Essential Retail – NRF 2018

On a recent trip to New York for the NRF Big Show, I was asked my thoughts on the value of additional services in retail for Essential Retail.
 
Portuguese retail group and Continente parent company Sonae says success in retail comes through developing additional services – some tech led, and some that simply take the business into new verticals.

Sonae Group’s head of marketing Tiago Simoes gave an insight into how a commitment to developing additional services and continually seeking new business avenues has helped establish the company as a leading player in Portugal and beyond.

In a presentation at NRF 2018, Simoes detailed the diversity of Sonae’s various brands, which include the supermarket Continente, pharmacy chain Well’s, and stationery retailer Note, which have helped the group become a $5 billion+ company through operating diverse business models.

Simoes explained how over the years Continente has expanded from pure retail to also run its own telco arm, investment management services, and shopping mall management company, among other offerings.

Digital services it has launched for customers include a Whatsapp customer communication platform, digital queue management system, and in-store street view via mobile phone.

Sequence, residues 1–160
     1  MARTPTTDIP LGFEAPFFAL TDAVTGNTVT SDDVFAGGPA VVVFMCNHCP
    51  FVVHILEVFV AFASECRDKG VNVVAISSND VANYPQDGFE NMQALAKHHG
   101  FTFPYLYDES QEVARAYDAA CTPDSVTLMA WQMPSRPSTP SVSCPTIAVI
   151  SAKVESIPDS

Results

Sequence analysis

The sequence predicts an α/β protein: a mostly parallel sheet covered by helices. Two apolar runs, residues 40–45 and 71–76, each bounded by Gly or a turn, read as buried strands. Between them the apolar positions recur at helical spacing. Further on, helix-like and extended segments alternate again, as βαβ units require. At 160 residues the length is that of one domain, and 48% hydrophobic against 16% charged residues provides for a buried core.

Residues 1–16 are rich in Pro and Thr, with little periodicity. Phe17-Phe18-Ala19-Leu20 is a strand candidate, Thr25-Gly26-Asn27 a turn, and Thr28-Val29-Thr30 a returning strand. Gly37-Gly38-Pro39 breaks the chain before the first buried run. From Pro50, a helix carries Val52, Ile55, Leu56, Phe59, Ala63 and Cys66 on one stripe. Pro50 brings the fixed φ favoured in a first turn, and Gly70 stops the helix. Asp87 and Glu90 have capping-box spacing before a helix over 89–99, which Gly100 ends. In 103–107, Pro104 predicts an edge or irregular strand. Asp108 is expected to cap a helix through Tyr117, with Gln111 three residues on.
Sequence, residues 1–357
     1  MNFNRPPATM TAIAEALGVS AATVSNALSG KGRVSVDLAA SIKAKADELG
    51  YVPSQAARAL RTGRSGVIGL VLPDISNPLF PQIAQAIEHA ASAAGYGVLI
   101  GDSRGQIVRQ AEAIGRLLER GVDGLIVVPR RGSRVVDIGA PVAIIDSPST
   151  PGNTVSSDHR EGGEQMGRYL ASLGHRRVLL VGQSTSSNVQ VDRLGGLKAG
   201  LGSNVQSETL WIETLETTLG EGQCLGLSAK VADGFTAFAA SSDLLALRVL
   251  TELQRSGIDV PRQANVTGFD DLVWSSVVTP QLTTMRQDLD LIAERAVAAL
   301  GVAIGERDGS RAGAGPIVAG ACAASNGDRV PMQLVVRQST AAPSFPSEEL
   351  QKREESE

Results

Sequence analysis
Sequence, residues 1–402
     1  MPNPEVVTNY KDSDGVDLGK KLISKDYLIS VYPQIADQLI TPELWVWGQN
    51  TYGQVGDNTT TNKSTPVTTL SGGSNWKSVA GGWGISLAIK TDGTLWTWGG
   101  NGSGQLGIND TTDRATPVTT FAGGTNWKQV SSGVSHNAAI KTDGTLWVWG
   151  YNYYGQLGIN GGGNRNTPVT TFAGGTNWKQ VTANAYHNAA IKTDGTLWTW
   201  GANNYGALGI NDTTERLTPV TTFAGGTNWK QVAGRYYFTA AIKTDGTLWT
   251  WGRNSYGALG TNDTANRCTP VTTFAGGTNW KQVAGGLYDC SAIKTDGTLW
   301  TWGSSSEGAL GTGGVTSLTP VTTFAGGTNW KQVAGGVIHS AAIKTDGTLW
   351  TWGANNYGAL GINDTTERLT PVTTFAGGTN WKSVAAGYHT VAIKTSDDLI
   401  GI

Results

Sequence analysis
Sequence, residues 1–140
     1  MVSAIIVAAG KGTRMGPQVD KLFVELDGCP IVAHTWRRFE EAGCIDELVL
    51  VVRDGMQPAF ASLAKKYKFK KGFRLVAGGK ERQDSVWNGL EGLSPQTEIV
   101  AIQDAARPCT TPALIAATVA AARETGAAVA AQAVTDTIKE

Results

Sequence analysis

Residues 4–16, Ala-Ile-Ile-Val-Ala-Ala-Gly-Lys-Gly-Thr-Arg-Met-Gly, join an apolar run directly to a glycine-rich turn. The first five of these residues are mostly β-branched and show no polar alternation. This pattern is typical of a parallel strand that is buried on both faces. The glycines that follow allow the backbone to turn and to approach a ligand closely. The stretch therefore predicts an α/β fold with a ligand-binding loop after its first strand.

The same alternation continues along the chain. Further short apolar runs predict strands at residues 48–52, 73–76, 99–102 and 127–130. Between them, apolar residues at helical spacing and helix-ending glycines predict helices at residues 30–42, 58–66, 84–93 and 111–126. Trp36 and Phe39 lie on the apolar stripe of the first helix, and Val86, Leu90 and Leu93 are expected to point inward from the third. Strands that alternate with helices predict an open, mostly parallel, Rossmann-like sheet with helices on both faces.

At Well’s, customers can choose from a health-plan and other medical services, alongside a range of medical products for sale. Note has grown as a business by introducing copy centres and in-store hubs run by the national post office.

As Essential Retail reported back in 2016, Sonae was one of the retailers that recognised an opportunity to leverage the popularity of augmented reality game, Pokemon Go. In another example of its services-oriented culture, it developed a mobile app in reaction to the growing trend in just three days, to keep customers entertained and encourage game players into store.

Sonae’s model is representative of a growing trend within the wider retail industry, to bolt on services to the traditional mission of selling products. The move by Sweden-based furniture retailer Ikea, last year, to acquire Task Rabbit is a prime example of this pattern.

Task Rabbit is a San Francisco-based startup that will supply people to assemble flatpack furniture for Ikea customers in their homes. It’s an online network of handymen and women based all around the world.

Karl McKeever from retail consultancy Visual Thinking says Ikea has been “cute” with its acquisition, which the retailer has indicated might be the start of other digitally-focused takeovers.

“It’s realised that a barrier to its growth is the fact people are nervous and unconfident assembling flatpacks,” he explains, adding that it also acts as an upselling tactic.

“It makes the point that there is money in services – not necessarily in product.”